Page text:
Earlier this term, I posted a link to a story about a woman texting her mother while buried after an earthquake. For all of the negative things we can say about today’s “connected generation” who spend their entire lives plugged into social media, the technology can actually save lives and provide a link between families at a time of need.
The story is no different in Japan, one of the world’s most technologically advanced countries. As we saw in class on Friday, people are using Facebook to interact with friends and family. They’re using Twitter to raise awareness of fundraising campaigns. Journalists, like The Globe and Mail’s Mark MacKinnon, are using Twitter to provide the most up-to-date information. MacKinnon in particular has been tweeting almost literally around the clock from Japan, and has built a list of other people to follow for the latest info.
Because the disaster in Japan is multi-faceted – an earthquake, tsunami and “nuclear meltdown” are all causing panic – a lot of the news coverage in Japan has been focused on simply explaining what is actually going on. Charts and explanatory videos have shown up to help us understand all of the science behind the disaster.
I’m going to look at three media outlets – CNN, BBC and The New York Times – to analyze how they have covered disaster online in the 2.0 world.
Most of CNN’s coverage includes both text and video. Like many other outlets, CNN has also developed an interactive page to explain Japan’s nuclear concerns. They also have a live blog for all of the latest information from Japan. CNN’s coverage has been criticized for being too sensationalist and focusing too much on the nuclear crisis rather than the faces of the disaster. The live blog raises a couple of questions: Does aggregating and posting every tidbit of information that flows in by the second increase this sensationalistic reputation? Should CNN be trying to verify this information before publishing it on their live blog for all to read (and freak out about)? This would be ideal but I’m not going to deny it would be hard to do in today’s news cycle.
New York Times reporters seem to be posting updates to the website on Japan around the clock. One minute beforeI checked the New York Times page, this story about a town in Japan holding on to hope had been posted. After 9/11, the New York Times created Portraits of Grief about the people killed in the attacks. The Toronto Star did something similar by profiling Canadians missing in Haiti after last year’s earthquake. It would be cool if the Times stepped up and did something similar for New Yorkers missing in Japan, if there are a substantial number. I think the Times has been pretty good at implementing new media, video and interactive features into the website. The Times just seems to get interactivity. This story has been no different. The Times has galleries, maps and videos from Japan in addition to a cool feature showing satellite photos before and after the quake. I just wish all of the Times’ Japan coverage was tagged in some way so it was all together on one page – their front page is kind of overwhelming so that might make it easier to find any coverage I’m looking for.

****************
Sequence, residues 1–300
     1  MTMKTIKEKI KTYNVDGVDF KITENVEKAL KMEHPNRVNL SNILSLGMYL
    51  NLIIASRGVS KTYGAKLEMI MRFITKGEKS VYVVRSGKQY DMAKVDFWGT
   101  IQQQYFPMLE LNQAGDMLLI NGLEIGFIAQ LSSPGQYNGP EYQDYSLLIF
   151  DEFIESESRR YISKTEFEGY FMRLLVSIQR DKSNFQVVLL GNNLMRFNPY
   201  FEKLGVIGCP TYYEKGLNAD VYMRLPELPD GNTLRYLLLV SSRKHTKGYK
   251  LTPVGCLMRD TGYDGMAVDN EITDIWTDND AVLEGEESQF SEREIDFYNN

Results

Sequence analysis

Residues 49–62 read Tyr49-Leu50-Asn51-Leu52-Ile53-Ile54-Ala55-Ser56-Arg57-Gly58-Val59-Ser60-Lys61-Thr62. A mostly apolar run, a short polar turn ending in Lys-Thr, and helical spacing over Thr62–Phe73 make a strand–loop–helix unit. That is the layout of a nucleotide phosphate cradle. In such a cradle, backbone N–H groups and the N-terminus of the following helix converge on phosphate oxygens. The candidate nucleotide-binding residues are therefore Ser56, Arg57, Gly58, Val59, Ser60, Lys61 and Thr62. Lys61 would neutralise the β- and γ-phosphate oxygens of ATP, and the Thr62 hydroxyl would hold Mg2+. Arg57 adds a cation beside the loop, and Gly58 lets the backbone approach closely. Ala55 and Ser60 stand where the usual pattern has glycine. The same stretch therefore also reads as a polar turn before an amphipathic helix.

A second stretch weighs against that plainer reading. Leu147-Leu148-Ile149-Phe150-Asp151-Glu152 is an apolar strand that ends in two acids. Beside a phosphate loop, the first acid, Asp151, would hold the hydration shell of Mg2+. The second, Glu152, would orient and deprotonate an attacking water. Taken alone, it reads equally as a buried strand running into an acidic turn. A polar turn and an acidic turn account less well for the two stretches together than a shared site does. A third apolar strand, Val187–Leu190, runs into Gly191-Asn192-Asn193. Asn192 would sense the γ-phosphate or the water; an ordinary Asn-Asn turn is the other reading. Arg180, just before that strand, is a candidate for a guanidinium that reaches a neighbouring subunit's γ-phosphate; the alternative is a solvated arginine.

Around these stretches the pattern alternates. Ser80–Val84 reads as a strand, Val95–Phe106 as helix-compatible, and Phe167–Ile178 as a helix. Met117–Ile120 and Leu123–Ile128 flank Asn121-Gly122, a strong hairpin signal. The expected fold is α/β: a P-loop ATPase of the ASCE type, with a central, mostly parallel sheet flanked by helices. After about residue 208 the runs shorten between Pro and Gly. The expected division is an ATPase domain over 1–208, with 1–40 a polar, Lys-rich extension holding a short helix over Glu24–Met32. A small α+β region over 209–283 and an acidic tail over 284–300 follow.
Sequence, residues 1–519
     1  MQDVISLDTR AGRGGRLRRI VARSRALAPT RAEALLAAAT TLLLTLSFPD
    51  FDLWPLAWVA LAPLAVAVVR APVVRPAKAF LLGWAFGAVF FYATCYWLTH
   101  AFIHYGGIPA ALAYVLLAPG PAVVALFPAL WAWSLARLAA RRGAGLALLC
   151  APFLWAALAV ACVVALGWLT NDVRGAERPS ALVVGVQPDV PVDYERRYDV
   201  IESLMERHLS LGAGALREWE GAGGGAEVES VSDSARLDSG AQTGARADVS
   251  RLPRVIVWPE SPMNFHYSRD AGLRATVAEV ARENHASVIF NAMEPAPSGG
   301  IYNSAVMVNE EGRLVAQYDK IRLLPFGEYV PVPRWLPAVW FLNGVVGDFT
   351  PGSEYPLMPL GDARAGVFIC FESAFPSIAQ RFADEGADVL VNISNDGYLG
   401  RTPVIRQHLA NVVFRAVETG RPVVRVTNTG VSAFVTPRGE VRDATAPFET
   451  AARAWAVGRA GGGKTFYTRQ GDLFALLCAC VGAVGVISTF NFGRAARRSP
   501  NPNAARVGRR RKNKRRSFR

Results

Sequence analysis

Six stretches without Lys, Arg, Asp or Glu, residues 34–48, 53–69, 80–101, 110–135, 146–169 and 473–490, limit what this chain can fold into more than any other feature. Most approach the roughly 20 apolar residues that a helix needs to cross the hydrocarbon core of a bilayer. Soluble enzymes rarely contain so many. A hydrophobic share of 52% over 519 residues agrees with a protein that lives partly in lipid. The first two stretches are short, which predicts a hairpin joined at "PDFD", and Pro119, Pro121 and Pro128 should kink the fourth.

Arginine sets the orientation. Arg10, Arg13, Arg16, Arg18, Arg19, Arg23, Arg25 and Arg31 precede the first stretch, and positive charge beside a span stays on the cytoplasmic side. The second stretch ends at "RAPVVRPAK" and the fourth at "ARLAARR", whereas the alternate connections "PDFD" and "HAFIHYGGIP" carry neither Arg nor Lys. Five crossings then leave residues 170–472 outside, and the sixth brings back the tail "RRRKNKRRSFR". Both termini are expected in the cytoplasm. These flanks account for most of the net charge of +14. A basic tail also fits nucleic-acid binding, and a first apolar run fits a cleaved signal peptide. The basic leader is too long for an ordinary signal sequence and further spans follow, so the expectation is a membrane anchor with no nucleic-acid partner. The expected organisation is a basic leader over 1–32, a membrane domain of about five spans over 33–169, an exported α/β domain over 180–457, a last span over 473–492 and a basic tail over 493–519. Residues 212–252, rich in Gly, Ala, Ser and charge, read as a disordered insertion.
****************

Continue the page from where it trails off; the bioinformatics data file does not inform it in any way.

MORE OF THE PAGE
BBC seems to have pretty comprehensive coverage of the disaster, including video, audio and maps. Everything is centralized on one page, which is nice. The page is chock full of interactive features, including a tremor timeline and even a feature on what you need to have at hand during a quake. They even got a professor from Cambridge to break it down for us and tell us that we should be more worried about tsunamis than a nuclear meltdown. Their page also includes a lot of background information. A lot of the stories seem to focus on the nuclear crisis.
The 2.0 world is really changing the way we learn about disaster. It’s not a distant news story halfway across the world any more. Somehow, social media makes it seem a lot closer to home.